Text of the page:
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Recovering dollars with the stimulus package

Management | June 1, 2009 | By:

How the stimulus package can save your business money.

The American Recovery and Reinvestment Act of 2009 is a nearly $800 billion stimulus package that includes nearly $300 billion in potential tax savings. Every small business can share in more than $75 billion in tax benefits for 2009 and 2010.

Of interest to most tent rental and event planning businesses are the business-related tax breaks, including extensions of the tax write-offs for adding new equipment to the business. The Recovery Act extends “bonus” depreciation, increases the Section 179 first-year write-off for newly acquired equipment and adds two new groups to those whose first-year wages are reduced, thanks to the Work Opportunity Tax Credit (WOTC). There is a five-year, rather than two-year, carryback of net operating losses (NOLs) that may return taxes paid in earlier years to some troubled businesses.

The NOL carryback provision provides the greatest potential savings of all the business tax provisions in the new stimulus package. The Recovery Act gives businesses the choice to carry NOLs from the 2008 tax year back three, four or five years, generating a refund of taxes paid in those years.

The new rules extend for another year 50-percent bonus depreciation allowed for property with a recovery period of 10 years or longer. Unlike Code Section 179, expensing that is available for new or used property, bonus depreciation is available only for new property or equipment.

Also extended for bonus depreciation purposes is the regular dollar cap placed on vehicles. The cap for new vehicles placed in service in 2009 is raised by $8,000. This increase mirrors the temporary 2008 cap increase, resulting in a $10,960 depreciation cap for autos ($11,160 for light trucks and vans) for 2009.

Remember, however, as with any accelerated depreciation write-off, a large current depreciation deduction will result in smaller future deductions. Two situations in which a taxpayer might consider making an election-out are when the business: (a) has about-to-expire NOLs, or (b) anticipates being in a higher tax bracket in future years.

The WOTC rewards employers that hire members of “targeted groups,” such as welfare recipients and people with disabilities. Under current law, businesses can claim a WOTC equal to 40 percent of the first $6,000 of wages paid to employees of one of nine targeted groups. The Recovery Act extends the WOTC to include two new targeted groups: (1) unemployed veterans and (2) disconnected youth.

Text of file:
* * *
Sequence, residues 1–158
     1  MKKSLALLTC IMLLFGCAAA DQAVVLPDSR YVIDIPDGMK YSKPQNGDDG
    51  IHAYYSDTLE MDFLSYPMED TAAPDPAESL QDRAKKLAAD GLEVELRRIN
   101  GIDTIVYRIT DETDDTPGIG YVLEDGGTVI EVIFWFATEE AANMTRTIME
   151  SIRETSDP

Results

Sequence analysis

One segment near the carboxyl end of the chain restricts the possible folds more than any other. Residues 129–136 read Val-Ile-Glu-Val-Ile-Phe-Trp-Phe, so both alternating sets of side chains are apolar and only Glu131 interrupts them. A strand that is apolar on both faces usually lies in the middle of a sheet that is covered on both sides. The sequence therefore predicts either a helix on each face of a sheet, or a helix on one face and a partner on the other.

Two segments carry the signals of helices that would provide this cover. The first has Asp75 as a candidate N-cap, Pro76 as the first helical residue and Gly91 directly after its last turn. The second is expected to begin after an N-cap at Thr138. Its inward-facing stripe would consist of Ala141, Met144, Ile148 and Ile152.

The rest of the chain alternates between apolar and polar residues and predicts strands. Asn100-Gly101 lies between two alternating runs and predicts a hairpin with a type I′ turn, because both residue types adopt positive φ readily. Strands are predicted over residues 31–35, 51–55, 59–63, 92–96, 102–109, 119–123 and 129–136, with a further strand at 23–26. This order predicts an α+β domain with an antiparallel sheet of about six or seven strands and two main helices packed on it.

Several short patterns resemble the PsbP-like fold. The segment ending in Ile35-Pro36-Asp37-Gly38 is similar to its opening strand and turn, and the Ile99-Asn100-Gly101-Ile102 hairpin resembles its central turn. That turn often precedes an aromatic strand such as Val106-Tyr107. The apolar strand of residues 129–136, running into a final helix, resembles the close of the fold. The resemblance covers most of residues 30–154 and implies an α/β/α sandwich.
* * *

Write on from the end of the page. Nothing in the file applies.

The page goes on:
Many incorporated businesses will find it easier to attract investors thanks to an expanded tax incentive for investors. Under the old rules, an individual investor could exclude 50 percent of any gain realized upon the sale or exchange of “qualified small business stock” that had been held for more than five years. The Recovery Act makes this unique type of stock, called Section 1244 stock, more attractive by increasing the amount of gain from the sale of stock held for five years or more that may be excluded from 50 percent to 75 percent for stock issued after the date of enactment of this legislation and before 2011.

The stimulus bill temporarily shortens from 10 to seven years the holding period for assets subject to the built-in gains tax imposed after a regular “C” corporation elects to become an “S” corporation. The built-in gains tax prevents an incorporated business from avoiding corporate level tax on the disposition of appreciated assets it acquired while a regular corporation by first converting to S status. However, it also discourages S conversions in situations in which the business may not otherwise survive under regular corporation rules. The new law will give shareholders more flexibility during the current economic crisis.

There is more among the tax provisions of this massive stimulus bill. The new law provides immediate relief to both individuals and businesses, with most of the $280 billion in tax relief concentrated within the next two years. However, for the business owner, professional advice is almost a necessity to ensure the operation will profit from the new Recovery Act.

Mark E. Battersby is a tax and financial writer based in Ardmore, Pa.

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